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I'm trying to update my git installation to the latest version. I'm having trouble getting rid of the old version, which the git command is still referencing:

$ git --version
git version

This is weird because:

$ which git


$ /usr/local/bin/git --version
git version 1.8.4

I didn't use MacPorts to install the old one. Any ideas?

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up vote 3 down vote accepted

Aliases will resolve first, so if you alias 'git' to someplace, then BASH will go to the alias location, which can be different from the first place that git appears on the PATH, which is what which git shows you.

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Enter the following:

hash -r

or alternatively, close your Terminal session (completely, with Q) and then reopen it. I'm suspecting you've been using the same session for a long time, and the shell still has the old location of the git binary in its path hash (hence the name of the command). Rehashing (the -r option) or restarting the shell will clear everything out and reload it.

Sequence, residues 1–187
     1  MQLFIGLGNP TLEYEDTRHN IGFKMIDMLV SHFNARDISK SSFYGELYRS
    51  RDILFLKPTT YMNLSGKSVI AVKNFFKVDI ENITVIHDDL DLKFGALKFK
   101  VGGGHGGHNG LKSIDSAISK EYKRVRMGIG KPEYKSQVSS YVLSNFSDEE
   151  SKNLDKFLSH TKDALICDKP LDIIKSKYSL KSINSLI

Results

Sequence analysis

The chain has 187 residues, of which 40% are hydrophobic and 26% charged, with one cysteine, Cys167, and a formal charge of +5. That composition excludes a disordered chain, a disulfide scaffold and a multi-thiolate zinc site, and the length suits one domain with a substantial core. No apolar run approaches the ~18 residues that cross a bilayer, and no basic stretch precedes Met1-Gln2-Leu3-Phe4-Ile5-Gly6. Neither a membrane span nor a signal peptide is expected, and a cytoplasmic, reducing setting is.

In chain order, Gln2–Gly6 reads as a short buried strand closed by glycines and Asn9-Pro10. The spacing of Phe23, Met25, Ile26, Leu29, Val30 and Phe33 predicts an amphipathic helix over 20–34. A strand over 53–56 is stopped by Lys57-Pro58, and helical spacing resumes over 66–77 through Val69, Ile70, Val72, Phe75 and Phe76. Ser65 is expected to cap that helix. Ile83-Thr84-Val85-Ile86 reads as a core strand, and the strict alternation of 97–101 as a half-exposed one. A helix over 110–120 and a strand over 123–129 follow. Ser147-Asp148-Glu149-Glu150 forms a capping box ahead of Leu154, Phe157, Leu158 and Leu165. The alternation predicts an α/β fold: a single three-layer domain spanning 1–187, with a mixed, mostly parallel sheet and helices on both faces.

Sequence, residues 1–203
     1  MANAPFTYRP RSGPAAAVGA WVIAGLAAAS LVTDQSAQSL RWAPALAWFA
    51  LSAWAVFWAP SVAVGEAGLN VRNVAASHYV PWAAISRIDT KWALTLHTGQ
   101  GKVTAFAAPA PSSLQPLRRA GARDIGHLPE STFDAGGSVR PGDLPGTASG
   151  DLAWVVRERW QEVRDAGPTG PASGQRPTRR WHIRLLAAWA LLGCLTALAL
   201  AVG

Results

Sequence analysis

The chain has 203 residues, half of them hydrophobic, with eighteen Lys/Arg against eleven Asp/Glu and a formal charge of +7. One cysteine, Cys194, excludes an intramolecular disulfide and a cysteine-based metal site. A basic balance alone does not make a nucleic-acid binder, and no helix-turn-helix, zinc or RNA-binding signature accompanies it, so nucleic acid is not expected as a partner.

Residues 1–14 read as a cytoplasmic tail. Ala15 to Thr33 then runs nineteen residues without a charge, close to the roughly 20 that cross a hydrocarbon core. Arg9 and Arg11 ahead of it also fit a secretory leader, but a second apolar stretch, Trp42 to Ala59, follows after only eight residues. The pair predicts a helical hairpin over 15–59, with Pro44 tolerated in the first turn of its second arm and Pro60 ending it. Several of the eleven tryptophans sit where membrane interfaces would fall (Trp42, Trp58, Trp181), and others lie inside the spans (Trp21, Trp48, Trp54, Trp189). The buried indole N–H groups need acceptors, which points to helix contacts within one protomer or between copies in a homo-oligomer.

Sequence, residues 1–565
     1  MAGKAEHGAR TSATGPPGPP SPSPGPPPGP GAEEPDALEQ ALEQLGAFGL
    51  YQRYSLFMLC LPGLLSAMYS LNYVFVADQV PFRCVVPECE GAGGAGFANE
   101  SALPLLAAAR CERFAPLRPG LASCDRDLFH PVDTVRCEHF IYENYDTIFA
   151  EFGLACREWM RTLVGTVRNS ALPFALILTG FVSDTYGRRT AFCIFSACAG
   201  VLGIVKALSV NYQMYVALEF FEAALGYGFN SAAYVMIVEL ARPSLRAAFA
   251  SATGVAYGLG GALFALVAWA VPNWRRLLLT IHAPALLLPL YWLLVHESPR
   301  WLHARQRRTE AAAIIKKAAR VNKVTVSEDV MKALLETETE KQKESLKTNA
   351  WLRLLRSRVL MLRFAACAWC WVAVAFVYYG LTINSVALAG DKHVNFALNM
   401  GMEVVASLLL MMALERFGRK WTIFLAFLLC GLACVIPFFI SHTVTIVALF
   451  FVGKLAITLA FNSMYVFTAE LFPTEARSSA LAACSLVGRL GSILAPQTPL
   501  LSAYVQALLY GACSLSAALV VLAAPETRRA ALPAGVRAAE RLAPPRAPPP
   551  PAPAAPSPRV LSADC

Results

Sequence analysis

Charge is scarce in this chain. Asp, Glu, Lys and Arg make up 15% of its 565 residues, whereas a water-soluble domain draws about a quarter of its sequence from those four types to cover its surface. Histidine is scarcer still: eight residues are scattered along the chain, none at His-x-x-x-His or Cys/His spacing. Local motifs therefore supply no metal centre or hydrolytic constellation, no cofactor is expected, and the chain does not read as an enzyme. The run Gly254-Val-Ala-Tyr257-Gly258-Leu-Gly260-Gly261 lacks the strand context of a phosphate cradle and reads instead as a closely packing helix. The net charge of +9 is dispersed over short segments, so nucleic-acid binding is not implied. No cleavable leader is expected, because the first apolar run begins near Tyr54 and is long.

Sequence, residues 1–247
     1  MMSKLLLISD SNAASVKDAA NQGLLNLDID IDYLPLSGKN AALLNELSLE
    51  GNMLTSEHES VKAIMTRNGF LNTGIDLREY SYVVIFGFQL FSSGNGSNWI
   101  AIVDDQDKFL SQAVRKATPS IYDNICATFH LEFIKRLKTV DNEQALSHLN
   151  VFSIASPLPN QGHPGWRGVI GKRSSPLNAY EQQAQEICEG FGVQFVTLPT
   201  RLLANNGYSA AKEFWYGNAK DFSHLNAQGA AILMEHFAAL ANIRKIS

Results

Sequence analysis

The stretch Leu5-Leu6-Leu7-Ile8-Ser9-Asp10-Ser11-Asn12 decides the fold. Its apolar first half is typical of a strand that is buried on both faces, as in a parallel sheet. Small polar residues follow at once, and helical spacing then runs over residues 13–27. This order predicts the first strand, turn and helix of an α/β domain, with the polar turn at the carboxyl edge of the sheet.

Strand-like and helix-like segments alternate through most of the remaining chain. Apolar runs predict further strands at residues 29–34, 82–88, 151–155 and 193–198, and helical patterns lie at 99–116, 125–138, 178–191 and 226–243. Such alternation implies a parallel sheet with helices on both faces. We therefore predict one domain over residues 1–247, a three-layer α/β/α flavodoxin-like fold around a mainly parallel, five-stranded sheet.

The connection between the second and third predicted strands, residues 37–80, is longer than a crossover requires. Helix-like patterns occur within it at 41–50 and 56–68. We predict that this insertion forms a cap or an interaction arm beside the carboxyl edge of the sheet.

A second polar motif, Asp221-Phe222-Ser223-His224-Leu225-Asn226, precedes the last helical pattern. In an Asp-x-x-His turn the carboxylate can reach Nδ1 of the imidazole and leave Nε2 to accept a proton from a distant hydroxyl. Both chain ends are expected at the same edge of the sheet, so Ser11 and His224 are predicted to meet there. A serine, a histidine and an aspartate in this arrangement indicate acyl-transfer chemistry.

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Tried that first thing. Didn't help. – No Surprises Oct 1 '13 at 3:48
that's strange - did you run hash -r or restart Terminal? – MattDMo Oct 1 '13 at 3:49
what shell are you using? – MattDMo Oct 1 '13 at 3:49
I had tried restarting the Terminal many times over the course of the last hour or so. I didn't know about hash -r. I'm using bash. – No Surprises Oct 1 '13 at 3:50
strange indeed... – MattDMo Oct 1 '13 at 3:51

I just went to each directory in my PATH and looked for the old version of git. I found it in ~/bin. Removed it and now I'm good to go. I still don't understand why which is finding the new one but the git command was finding the old one.

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see my answer below... – MattDMo Oct 1 '13 at 3:48
Thanks. I did try that but it didn't help. I had to hunt down and remove the old one. Still confused though. – No Surprises Oct 1 '13 at 3:48
Is it possible you had aliased git to ~/bin/git ? – Kent Oct 1 '13 at 4:38

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